How important are tech and other contractors to UK? PM candidate promises tax review if elected
Liz Truss to go over IR35 off payroll tax as ruling party voters gear up to pick their leader
The leading candidate to replace Boris Johnson as the UK's prime minister has said she would review changes to the IR35 tax rules so often criticized by IT contractors.
Liz Truss, who is currently foreign secretary and down to the last two in the race to be the ruling Conservative Party's leader, gave an interview over the weekend in which she said she would order a review into the IR35 tax rules on becoming prime minister.
The IR35 reforms – which put the onus on the employer, rather than the contractor, for determining their employment status – were introduced in the public sector in 2017. Following a year's delay, they were introduced to large and medium-sized private-sector businesses in April 2021.
Speaking to The Sun newspaper, Truss said: "The changes that have been made to IR35 are all about trying to treat the self-employed the same as big business.
"But the fact is, if you're self-employed, you don't get the same benefits as being in a big company. You don't get paid holidays, you didn't get those benefits. So the tax system should reflect that more," said Truss, echoing the criticism of the reforms during and after their introduction.
Campaigners welcomed Truss's comments. Seb Maley, CEO of IR35 insurance specialist Qdos, said: "Promising a review into IR35 is a step in the right direction. It's widely accepted that the IR35 legislation and the way HMRC enforces it is fundamentally flawed. Liz Truss must make a review a priority if she becomes Prime Minister. But this mustn't be lip service or a tactic to win the votes of contractors for whom IR35 remains a massive issue.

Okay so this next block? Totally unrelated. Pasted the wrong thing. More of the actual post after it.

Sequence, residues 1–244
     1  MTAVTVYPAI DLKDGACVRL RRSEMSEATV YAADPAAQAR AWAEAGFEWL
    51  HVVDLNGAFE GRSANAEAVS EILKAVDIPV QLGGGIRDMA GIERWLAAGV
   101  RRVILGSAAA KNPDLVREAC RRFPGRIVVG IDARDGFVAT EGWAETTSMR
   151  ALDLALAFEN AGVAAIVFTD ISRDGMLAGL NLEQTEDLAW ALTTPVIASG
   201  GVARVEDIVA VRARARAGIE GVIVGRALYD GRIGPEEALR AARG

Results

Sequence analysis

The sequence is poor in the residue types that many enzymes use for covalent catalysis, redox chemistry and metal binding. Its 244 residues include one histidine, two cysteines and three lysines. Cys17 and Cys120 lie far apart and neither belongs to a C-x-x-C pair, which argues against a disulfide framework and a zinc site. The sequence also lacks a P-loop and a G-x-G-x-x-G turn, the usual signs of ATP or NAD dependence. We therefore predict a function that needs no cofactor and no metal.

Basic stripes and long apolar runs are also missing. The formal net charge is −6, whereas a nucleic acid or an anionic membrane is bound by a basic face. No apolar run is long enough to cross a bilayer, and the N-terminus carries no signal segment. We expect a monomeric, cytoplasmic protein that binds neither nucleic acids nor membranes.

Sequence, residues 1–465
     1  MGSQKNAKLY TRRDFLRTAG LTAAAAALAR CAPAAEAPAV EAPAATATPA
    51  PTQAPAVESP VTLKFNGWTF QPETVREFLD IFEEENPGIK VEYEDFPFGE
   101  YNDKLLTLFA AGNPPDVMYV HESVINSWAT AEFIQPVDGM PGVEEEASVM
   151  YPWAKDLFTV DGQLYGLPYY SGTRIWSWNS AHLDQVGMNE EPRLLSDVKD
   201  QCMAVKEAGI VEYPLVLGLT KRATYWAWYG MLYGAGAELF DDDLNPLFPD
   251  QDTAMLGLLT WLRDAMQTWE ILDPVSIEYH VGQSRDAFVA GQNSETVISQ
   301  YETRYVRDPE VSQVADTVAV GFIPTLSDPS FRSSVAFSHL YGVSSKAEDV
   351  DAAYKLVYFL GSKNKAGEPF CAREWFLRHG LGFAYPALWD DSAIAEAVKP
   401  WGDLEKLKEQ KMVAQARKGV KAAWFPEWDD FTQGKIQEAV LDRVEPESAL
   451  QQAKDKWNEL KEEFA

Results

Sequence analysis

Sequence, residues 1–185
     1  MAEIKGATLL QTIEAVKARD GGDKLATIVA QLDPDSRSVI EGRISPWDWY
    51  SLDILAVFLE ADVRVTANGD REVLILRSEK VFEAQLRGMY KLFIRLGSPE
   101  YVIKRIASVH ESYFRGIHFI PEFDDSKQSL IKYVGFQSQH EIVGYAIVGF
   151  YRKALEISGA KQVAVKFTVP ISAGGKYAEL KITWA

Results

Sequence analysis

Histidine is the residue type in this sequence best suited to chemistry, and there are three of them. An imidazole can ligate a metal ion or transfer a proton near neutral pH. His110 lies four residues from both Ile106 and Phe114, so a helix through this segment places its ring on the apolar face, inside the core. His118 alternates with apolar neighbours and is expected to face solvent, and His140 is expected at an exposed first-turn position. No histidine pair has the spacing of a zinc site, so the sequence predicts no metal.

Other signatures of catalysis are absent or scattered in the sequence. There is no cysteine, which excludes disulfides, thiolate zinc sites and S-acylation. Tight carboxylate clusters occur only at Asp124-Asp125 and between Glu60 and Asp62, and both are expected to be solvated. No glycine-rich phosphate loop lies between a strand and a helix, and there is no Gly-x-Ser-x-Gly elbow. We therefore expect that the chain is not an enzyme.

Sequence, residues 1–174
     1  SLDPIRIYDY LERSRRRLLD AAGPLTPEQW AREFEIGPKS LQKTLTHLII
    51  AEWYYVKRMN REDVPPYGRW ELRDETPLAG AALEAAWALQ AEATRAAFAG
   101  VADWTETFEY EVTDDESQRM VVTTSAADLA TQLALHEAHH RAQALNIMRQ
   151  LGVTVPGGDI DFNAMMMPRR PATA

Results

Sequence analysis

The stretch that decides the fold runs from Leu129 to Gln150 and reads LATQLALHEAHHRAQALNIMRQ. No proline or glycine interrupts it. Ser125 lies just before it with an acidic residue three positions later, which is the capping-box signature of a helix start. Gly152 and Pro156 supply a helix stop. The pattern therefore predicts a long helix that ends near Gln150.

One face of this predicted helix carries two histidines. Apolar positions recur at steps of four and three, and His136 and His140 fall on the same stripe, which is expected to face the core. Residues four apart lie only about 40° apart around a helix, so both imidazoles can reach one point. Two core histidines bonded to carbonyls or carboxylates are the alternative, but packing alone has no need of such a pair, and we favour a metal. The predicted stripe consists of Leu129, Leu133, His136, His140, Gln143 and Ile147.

"It's impossible to overlook the fact that we've been here before. IR35 has been reviewed multiple times in recent years, yet still the government have taken very little or no action whatsoever. So you'd forgive contractors and businesses impacted by the rules for taking Liz Truss's pledge with a pinch of salt."
What is IR35?
IR35 is a reform unveiled in 1999 by the UK tax authorities. The latest regulation change – which came into force in April 2021 – makes medium and large businesses in the UK set the tax status of their contractors and freelancers. Previously this was set by the contractors themselves.
Contractors found to be within the scope of the legislation – i.e. inside IR35 – will have to pay more tax than they might expect.
The reforms are part of the government's crackdown on so-called disguised employment, where workers behave as employees but avoid paying regular income tax and national income contributions by billing for their services through personal services companies (PSCs), which are taxed at lower corporate rates.
The measures first came into effect in the UK public sector in 2017. The British government hoped the reforms would recoup £440m by bringing 20,000 contractors in line.
HMRC reckons that only one in 10 contractors in the private sector who should be paying tax under the current rules are doing so correctly. It estimates the reforms will recoup £1.2bn a year by 2023.